Nine months prior to Rosa Parks, another brave Black woman refused to give up her seat. Her name was Claudette Colvin. Why aren’t we taught Claudette’s story? Why is she ignored in history? Why are we taught the false narrative that Rosa Parks, who was also a brave and amazing activist, was the first Black woman to stay in her seat? The answer is even worse than you would imagine.
At 15 years old, Claudette Colvin refused to give up her seat on the bus to a white person, making her the first to challenge the law that required Black people to move to the back of the bus for any white person. The day was March 2, 1955 and Claudette was dragged by two white police officers off the bus. She shouted “It’s my constitutional right” over and over as she was handcuffed, placed in jail, and charged with three things: violating segregation laws, distrubing the peace, and assaulting a police officer. Although unplanned, this act was pivotal in the civil rights movement. Yet, it was almost written out of history since the famous Montgomery Bus Boycott started nine months later with the arrest of Rosa Parks. Claudette’s story was ignored until the early 2000s where biographers of Claudette’s corrected that record. Unfortunately, she’s been labeled “the original Rosa Parks” which is beyond sad and depressing to the point that it is clumsy, insulting, and vile – Claudette is not a copy of Parks; they are both brave souls that sparked a huge movement and change. They are separate and individually important.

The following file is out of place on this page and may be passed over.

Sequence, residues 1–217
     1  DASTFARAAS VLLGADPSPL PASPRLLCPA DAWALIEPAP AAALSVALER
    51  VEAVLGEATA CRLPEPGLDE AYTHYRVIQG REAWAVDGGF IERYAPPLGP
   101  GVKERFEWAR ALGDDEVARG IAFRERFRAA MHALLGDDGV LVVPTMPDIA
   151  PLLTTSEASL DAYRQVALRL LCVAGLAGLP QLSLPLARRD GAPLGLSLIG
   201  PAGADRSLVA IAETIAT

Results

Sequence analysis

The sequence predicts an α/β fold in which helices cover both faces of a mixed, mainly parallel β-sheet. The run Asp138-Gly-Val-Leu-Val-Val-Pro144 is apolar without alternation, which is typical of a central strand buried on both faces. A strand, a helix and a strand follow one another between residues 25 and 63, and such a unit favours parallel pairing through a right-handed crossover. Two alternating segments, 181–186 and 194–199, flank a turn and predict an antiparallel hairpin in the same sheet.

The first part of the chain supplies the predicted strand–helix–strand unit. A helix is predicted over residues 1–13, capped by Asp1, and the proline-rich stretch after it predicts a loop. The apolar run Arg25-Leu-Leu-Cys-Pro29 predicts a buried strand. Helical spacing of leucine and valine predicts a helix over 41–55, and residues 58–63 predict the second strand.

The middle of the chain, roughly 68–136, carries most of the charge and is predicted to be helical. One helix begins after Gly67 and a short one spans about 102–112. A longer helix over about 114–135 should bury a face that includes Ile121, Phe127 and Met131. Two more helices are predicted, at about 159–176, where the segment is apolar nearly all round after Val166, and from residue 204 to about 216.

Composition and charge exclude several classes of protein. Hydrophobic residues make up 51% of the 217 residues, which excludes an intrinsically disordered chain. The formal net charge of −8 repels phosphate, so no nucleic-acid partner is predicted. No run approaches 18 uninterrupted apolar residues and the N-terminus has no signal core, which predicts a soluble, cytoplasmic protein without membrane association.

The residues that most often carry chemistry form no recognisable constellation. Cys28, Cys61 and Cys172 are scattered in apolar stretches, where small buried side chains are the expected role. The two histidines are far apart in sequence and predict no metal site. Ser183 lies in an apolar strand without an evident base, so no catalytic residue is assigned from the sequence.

Claudette Colvin has been pushed aside for a plethora of reasons. The main one has been commonly misreported that she was pregnant at the time of her arrest and trial. She was not at that time, but she became pregnant afterward. Civil rights leaders deemed her not the “right type of plaintiff” to organize around prior to her trial. After her pregnancy came to light, they maintained that they had made the correct choice. Honestly, that’s really fucked up.
Other, also ridiculous, reasons included that she didn’t have the “right” hair, she was dark-skinned, and she was a teenager. Activists decided to ignore her efforts in the hopes of creating a “better image” to push their movement forward and to gain the support of others. Obviously, we can look back and recognize how awful that is to do. They did end up receiving support and were able to successfully get recognition to gain basic human rights. But, what did it cost?
Of course, I completely support the end result and that Black people have, you know, basic human rights. There is no “but”, but there is an “and”. And, I wish my ancestral activists (granted, only a few decades ago) were able to do so without having to pick and choose how to show their progress and history. It does not speak poorly of them, but instead of the way that this country is run and how history is written and shown.
So, why is Claudette Colvin one of my favorite people in history? Well, all of the reasons I previously stated. Also, she’s still kicking. She’s 82 and still being forgotten. I want to help change that and fight for the forgotten voices in history. This month is so important to start the work to raise these voices, tell these stories, and really fight for change.
I could speak for days on the impact of the way history is taught and recorded. Specifically, my issues with the fact that many of the photos from the civil rights moment in our textbooks are in black-and-white when they were taken in color. I mean, Rosa Parks died in 2005 – I was alive and my baby sister was born months before that. Plus, many times, textbooks speak of racism as if it completely disappeared after Martain Luther King Jr. was assassinated and a few laws were created. The entire system that the U.S. is built on is founded on racism. It most definitely did not just leave. I digress. My point is that many of the things that are taught in schools are definitely not doing enough, so there is a LOT of work we still need to do. I leave you with a single question: what are you going to do with this?